Often cited as a key example of jazz fusion, I think Hot Rats makes a rather poor representation of the genre. For the most part, it’s a well-orchestrated affair that leaves precious little room for any significant improvisation. And after all, it’s improvisation that marks any music as “jazz”. Zappa, as usual, is really the opposite of what he pretends to be. This music is sort of a distraction, a cynical ploy that conceals behind a wall of exuberant, nearly psychedelic effects a kind of gutless service to all the lame institutions of the past. This isn’t the freaks revolting and taking over the world; this is the show that the “great and powerful” Wizard of Oz puts on to help the boring old man control the realm just out of sight. Or perhaps it is cheap vaudeville to let off some steam so that the machinery of established society keeps churning without exploding. Either way, the status quo emerges unscathed.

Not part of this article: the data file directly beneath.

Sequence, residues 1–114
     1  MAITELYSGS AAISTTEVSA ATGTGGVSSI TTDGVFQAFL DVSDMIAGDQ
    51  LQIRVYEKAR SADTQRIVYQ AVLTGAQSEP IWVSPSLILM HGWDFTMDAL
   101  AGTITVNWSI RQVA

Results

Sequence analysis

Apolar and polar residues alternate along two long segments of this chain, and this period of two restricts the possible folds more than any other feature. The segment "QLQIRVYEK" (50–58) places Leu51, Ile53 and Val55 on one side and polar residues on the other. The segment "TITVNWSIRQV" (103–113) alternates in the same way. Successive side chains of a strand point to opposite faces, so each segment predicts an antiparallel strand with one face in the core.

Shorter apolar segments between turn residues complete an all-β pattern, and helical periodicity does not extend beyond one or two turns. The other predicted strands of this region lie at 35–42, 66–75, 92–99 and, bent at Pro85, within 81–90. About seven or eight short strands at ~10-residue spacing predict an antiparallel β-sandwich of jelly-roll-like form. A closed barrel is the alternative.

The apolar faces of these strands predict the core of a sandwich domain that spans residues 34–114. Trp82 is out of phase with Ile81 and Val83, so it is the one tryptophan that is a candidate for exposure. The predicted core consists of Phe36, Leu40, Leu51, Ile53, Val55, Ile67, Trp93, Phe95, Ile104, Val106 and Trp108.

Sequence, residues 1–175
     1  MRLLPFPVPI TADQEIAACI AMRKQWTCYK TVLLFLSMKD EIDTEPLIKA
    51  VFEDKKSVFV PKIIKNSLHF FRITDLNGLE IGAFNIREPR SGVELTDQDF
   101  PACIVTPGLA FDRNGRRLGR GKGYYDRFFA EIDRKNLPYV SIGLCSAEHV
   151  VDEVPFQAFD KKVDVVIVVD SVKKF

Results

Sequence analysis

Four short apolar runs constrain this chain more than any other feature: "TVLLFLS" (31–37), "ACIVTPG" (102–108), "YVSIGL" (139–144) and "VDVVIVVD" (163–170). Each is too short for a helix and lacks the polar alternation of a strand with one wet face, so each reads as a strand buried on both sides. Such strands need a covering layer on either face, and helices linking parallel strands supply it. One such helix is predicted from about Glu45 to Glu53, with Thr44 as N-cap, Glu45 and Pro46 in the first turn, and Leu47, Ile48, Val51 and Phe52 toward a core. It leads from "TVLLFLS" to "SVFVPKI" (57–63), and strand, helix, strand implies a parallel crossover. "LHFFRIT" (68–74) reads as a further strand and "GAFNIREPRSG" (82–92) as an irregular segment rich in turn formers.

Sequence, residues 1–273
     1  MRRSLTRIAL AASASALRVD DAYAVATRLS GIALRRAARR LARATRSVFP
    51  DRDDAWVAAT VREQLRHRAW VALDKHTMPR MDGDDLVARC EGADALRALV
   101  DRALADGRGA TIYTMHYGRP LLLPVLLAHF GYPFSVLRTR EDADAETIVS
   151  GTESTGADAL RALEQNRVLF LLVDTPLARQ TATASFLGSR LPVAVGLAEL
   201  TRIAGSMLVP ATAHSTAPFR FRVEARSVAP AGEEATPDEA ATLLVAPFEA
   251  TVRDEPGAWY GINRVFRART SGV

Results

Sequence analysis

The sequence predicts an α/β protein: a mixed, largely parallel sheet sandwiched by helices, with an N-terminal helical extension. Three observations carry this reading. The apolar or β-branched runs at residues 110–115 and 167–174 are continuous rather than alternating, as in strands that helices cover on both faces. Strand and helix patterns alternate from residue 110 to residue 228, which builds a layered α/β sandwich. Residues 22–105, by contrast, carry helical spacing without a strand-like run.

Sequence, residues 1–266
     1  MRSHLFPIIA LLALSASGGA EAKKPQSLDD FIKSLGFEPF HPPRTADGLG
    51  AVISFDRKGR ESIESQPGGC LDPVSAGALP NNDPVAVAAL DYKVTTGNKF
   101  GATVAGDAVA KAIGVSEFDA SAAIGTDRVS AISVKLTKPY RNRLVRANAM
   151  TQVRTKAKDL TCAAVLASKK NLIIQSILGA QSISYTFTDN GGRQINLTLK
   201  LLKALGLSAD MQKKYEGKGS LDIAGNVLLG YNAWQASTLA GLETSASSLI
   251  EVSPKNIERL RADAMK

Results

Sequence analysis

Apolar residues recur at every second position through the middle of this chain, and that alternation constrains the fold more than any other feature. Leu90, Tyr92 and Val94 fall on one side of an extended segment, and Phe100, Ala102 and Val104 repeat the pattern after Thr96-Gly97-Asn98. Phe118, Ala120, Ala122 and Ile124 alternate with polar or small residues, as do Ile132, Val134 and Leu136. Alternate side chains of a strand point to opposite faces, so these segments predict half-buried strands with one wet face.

The best offering here is “Gumbo Variations” (as the title implies it’s really built more off Euro-classical tradition than any kind of jazz idiom). A few players rotate solos and you’re out. Don “Sugarcane” Harris puts in a nice electrified violin solo, but the song really drags after a while. Captain Beefheart makes an appearance on “Willie the Pimp”. Even Beefheart kind of gets lost on the album, scarcely utilized at all. The album is respectable, but, like most Frank Zappa albums, it just isn’t anything special.